Intercept Cuts All NASH Investments, One-Third of Staff After Second FDA Rejection 

Pictured: FDA sign in front of building/Grandbrothers/iStock

Pictured: FDA sign in front of building/iStock, Grandbrothers

A day after the FDA denied Intercept Pharmaceuticals’ application for its obeticholic acid tablets to treat patients with pre-cirrhotic liver fibrosis due to non-alcoholic steatohepatitis, the pharma announced it is abandoning the company’s NASH program and laying off about one-third of its workforce. 

According to a Friday morning press release, Intercept expects the cuts to save it about $140 million a year, allowing the company to be profitable in 2024. The layoffs will begin in the third quarter of 2023, with most to be completed by the end of 2023.  

With all NASH-related investments eliminated, Intercept said it will now focus its R&D efforts on developing a fixed-dose combination of obeticholic acid and bezafibrate to treat primary biliary cholangitis (PBC). It also plans to increase investment in Ocaliva, which it stated is the only FDA-approved second-line treatment for PBC patients.

The company said it is on track to complete a regulatory submission to the FDA in 2023 to fulfill post-marketing requirements for the treatment. 

Original article, published 6/23:

FDA’s Second Rejection Ends Intercept’s NASH Aspirations

Thursday, the FDA denied Intercept Pharmaceuticals’ application for its obeticholic acid tablets, which the New Jersey biopharma was proposing to treat patients with pre-cirrhotic liver fibrosis due to non-alcoholic steatohepatitis.

In its Complete Response Letter, the regulator said that Intercept’s New Drug Application for obeticholic acid (OCA) tablets “cannot be approved in its present form,” according to the company’s news release announcing the rejection.

For future submissions, Intercept would require—at the very least—the successful completion of the long-term outcomes part of its Phase III REGENERATE study, assessing OCA tablets in more than 2,400 patients.

The FDA’s verdict is in line with the Gastrointestinal Drugs Advisory Committee’s recommendations. In a meeting last month, the panel of external experts agreed that Intercept had not shown compelling evidence to establish a favorable risk-benefit profile for OCA.

This is the company’s second failed attempt to get OCA approved. The first NDA was filed in 2019, which the FDA accepted in November of the same year. In June 2020, however, the regulator turned down the application, indicating that Intercept’s data package, which relied on surrogate histopathologic endpoints to predict OCA’s efficacy, was not enough to establish that its benefits would outweigh its risks.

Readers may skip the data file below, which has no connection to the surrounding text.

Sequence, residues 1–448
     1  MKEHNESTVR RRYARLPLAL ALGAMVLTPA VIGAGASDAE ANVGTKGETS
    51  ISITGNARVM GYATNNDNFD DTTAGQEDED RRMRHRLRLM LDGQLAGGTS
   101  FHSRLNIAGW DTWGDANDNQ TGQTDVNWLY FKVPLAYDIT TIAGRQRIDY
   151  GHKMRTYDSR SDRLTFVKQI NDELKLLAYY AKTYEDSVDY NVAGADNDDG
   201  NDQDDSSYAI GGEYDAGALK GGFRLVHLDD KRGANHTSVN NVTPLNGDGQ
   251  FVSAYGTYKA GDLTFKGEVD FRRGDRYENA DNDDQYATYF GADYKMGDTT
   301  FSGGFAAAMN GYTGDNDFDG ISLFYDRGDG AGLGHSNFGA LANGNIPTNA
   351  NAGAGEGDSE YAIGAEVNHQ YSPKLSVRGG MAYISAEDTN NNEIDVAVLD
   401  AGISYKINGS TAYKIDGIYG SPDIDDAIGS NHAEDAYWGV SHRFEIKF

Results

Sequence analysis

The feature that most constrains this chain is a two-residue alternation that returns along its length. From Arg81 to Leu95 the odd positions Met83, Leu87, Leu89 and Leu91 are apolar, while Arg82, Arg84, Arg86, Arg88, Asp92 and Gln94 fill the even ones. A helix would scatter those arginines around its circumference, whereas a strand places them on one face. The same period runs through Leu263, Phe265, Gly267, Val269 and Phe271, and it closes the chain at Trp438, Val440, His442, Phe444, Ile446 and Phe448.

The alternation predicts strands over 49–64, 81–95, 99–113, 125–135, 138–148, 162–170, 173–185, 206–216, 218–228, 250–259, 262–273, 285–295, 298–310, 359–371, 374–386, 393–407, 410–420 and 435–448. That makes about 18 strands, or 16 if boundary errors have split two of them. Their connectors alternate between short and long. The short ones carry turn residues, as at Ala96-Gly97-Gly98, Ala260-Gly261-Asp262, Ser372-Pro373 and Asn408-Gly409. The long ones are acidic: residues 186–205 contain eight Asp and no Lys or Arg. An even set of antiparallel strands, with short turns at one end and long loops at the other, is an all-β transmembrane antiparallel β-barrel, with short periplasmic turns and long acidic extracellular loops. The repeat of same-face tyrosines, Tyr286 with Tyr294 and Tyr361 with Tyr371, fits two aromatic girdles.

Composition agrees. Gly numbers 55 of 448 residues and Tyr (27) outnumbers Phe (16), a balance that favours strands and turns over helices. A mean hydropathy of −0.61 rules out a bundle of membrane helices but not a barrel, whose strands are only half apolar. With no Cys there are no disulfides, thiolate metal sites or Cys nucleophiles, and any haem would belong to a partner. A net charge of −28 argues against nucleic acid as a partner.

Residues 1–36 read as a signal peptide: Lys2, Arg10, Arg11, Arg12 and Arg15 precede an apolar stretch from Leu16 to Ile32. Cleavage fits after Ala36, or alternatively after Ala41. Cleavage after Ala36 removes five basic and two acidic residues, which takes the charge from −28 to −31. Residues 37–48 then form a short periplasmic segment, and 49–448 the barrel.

Following the initial rejection, Intercept launched REGENERATE, a randomized, double-blinded and placebo-controlled study. Two interim analyses from the study formed the foundation of Intercept’s resubmission, which it filed in December 2022 and which the FDA accepted in January 2023.

This second denial, however, appears to be final. Intercept also announced Thursday it will discontinue all investments and activities related to non-alcoholic steatohepatitis. The company will also kick off a restructuring initiative to reorient its operations and “strengthen its focus on rare and serious liver diseases,” according to the press release.

“We believe that taking decisive action to reshape Intercept will improve our long-term ability to grow our business, innovate for patients, and create value for shareholders,” Intercept CEO Jerry Durso said in a statement.

These realignment initiatives will also put Intercept on “an accelerated path to profitability beginning in 2024,” according to the company’s announcement.

OCA is a farnesoid X receptor agonist that helps prevent the toxic accumulation of bile acid in the liver. The FDA approved the drug in 2016 for the rare liver disease primary biliary cholangitis, for which OCA is marketed under the brand name Ocaliva. The oral drug carries a boxed label to warn against hepatic decompensation and failure.

Tristan Manalac is an independent science writer based in metro Manila, Philippines. He can be reached at or


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